Recycling is real, Twin Cities counties tell residents in new ad campaign – Star Tribune

A plastic milk jug gets tossed into the recycling bin. But does it actually end up in a landfill?

Not in Minnesota, as mythical stars in a new advertising campaign will tell you: Everything recyclable in Minnesota bins actually gets recycled.

Six metro area counties launched the whimsical campaign, which features a dragon, a mermaid and a unicorn, to set straight a widespread misunderstanding that local recyclables, especially plastic, go to the dump.

“We here at Ramsey County have just been getting an increase in questions along the lines of, ‘Is it worth it? … Does recycling actually work? Does it make a difference?'” said Andrea McKennan, outreach and engagement supervisor with Ramsey County Environmental Health. Other counties were hearing the same, “so a number of counties came together to create this campaign to give a resounding ‘yes’ to those questions,” she said.

The campaign launched last month, called Recycling Exists, is a collaboration between Carver, Dakota, Hennepin, Ramsey, Scott and Washington counties, and makes the case that while these mythical creatures don’t exist, recycling in Minnesota does.

Recycling myths, busted

Misconceptions about recycling arise because it’s not a simple system. That’s especially the case when it comes to plastics, said Kaitlin Keller, waste reduction and recycling specialist for Hennepin County Environment and Energy.

“There’s so many different types of plastic,” she said. “They come in these random numbers, and [people] don’t know what they mean. And they come in all these different shapes, and some of the plastic is hard, and some is like a plastic bag. It’s a really confusing landscape for people.”

Minnesota actually has laws that prohibit recyclables that have been put in recycling from going to the landfill, said Wayne Gjerde, recycling market development coordinator for the Minnesota Pollution Control Agency. “It can’t go to a landfill. It can’t go to a waste energy facility. It has to go to a recycling facility.”

Recycling facilities have to submit reports to the state that outline where materials go and how much wasn’t sold to companies that recycle it — the stuff people put in recycling bins that wasn’t recyclable in the first place, said Miriam Holsinger, co-president of Eureka Recycling in Minneapolis.

Another misconception is that the recycling Minnesotans put in their bin is ending up far, far away.

Take, for example, photos and videos of beaches abroad full of plastic trash. It’s a heartbreaking and very real problem, Holsinger said, but “what you’re not seeing there is all the plastics that did successfully get recycled.”

While some recycling from the U.S. coasts may be put in a shipping container and sent abroad, that would be expensive to do with many materials in Minnesota, said Michael Gunderson, the general manager at WestRock, which makes recycled paper products, like cereal boxes, near the Minneapolis-St. Paul border. The issue isn’t ocean freight, which is relatively cheap, so much as truck freight. “It would cost more money for us to ship waste paper from the Twin Cities to a port in say, California, than it would to ship it from California to China,” he said.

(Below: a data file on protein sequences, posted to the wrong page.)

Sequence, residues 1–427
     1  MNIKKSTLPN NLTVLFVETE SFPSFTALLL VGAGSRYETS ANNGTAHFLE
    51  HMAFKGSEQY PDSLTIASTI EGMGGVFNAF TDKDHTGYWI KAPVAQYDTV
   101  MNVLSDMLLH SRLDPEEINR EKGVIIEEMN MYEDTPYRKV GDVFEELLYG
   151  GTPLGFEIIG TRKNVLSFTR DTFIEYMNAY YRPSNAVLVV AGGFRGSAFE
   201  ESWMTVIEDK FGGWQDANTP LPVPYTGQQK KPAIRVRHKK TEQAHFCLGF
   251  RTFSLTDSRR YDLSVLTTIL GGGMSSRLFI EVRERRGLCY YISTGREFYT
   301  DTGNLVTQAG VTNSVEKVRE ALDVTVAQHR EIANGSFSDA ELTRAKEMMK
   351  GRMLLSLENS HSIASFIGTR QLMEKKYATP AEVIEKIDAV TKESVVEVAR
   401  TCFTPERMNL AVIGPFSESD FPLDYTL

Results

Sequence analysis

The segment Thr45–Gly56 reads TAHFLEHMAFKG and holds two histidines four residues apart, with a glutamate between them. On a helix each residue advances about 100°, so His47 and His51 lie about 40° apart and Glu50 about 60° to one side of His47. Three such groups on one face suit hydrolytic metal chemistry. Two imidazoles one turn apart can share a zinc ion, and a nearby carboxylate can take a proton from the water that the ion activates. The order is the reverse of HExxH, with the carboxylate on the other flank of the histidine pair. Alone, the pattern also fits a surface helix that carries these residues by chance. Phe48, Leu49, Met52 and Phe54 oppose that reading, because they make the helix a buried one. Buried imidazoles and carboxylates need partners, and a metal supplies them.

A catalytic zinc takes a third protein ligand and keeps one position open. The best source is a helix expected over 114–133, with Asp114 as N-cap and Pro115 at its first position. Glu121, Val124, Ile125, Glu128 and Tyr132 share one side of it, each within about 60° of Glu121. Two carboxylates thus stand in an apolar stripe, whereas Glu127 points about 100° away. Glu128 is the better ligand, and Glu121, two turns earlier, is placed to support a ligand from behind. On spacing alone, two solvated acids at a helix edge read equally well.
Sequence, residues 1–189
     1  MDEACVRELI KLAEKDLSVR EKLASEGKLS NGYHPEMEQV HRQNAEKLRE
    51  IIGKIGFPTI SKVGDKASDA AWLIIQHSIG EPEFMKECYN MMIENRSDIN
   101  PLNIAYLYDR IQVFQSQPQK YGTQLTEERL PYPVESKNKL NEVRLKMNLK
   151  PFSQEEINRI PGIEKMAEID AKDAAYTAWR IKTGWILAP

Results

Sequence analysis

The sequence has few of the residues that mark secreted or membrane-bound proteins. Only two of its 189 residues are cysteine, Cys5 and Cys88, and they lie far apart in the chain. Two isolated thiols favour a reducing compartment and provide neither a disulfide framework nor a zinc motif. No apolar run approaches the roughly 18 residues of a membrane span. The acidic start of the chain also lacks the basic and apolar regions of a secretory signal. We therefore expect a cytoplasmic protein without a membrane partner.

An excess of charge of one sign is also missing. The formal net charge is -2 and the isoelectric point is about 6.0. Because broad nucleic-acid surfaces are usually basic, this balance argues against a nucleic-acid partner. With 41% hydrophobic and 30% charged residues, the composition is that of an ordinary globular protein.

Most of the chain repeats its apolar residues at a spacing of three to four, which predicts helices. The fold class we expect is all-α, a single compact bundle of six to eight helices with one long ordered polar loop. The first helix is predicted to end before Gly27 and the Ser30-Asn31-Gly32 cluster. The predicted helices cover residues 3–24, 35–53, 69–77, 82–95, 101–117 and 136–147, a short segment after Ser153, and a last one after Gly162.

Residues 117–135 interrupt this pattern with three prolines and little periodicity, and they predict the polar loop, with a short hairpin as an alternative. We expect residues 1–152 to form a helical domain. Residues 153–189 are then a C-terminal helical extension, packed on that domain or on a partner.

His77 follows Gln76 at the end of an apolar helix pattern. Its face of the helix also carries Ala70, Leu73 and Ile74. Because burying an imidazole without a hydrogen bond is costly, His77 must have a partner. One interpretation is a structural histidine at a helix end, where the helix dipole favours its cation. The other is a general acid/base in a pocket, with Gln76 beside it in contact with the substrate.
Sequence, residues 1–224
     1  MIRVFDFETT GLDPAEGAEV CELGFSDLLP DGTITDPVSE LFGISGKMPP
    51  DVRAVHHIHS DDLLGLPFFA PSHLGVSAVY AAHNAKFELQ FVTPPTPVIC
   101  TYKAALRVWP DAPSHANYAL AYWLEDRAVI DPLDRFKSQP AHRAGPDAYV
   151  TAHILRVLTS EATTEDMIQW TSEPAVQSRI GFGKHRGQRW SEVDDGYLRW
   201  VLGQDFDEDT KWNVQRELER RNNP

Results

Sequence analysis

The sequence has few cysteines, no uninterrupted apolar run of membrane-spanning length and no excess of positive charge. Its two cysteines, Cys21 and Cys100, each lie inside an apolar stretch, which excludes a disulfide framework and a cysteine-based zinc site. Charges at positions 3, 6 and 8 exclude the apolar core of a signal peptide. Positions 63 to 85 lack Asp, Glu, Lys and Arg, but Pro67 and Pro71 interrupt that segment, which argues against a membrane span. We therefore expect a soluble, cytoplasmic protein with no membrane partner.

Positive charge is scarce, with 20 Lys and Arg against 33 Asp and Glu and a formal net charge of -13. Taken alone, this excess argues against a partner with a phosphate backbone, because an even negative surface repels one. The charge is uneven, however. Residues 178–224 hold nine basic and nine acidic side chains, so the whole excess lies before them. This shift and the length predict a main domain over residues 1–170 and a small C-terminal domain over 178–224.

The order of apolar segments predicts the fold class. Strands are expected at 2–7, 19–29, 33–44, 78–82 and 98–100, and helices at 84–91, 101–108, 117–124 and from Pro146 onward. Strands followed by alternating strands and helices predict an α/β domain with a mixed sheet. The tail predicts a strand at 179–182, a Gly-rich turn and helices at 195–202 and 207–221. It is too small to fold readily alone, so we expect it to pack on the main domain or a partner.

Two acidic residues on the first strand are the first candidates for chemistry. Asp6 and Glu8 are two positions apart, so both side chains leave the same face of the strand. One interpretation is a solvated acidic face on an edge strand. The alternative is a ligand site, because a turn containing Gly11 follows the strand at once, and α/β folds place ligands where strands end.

A local system

In Minnesota, the recycling industry is actually quite local. In 2022, Holsinger said, 74% of the recycling Eureka processed was sold for reuse in Minnesota, and 94% stayed in the Midwest.

What’s all that recycling turning into?

McKennan listed some examples (more can be found on the ad campaign’s website,

  • Many plastic containers — think plastic bottles, peanut butter jars and produce containers — are going to manufacturers in Idaho, Ohio and Wisconsin to be made into new bottles, McKennan said.
  • Milk and laundry detergent jugs and shampoo bottles get made into outdoor products like plastic lawn furniture, playground equipment and decking in Minnesota.
  • Many yogurt, cottage cheese and margarine tubs go to Ohio to be made into food containers and to Missouri to be made into auto parts.
  • Paper and cardboard become new paper products.
  • A lot of glass is sent to Shakopee to make new bottles.
  • Metal cans are sent to places in Minnesota and the Midwest to be made into wire, beams and auto and appliance parts.

Many things that aren’t accepted in curbside recycling bins, like plastic bags and electronics, can be recycled elsewhere. County websites are a good resource for finding out how to recycle specific goods.

The campaign is putting ads totaling $77,000 on social media, streaming services and Spanish language TV. Developed by Minneapolis ad agency Metre, it has gotten good reception so far, Keller said. “We’re trying to make it be something that’s approachable and easy to understand and covering the basics of recycling so people feel like they can take that action,” she said.

Gjerde urged Minnesotans to have confidence that if they’re recycling things that are recyclable, they’re being put to good use. And to remember that it’s not just good for the environment, but also good for the economy. In Minnesota, recycling supports about 78,000 jobs, he said.

“If you put something in a landfill, what does it do? It just sits there forever, and it has no economic value,” he said. “If you put it back out there, it becomes part of the circular economy [and] becomes something again.”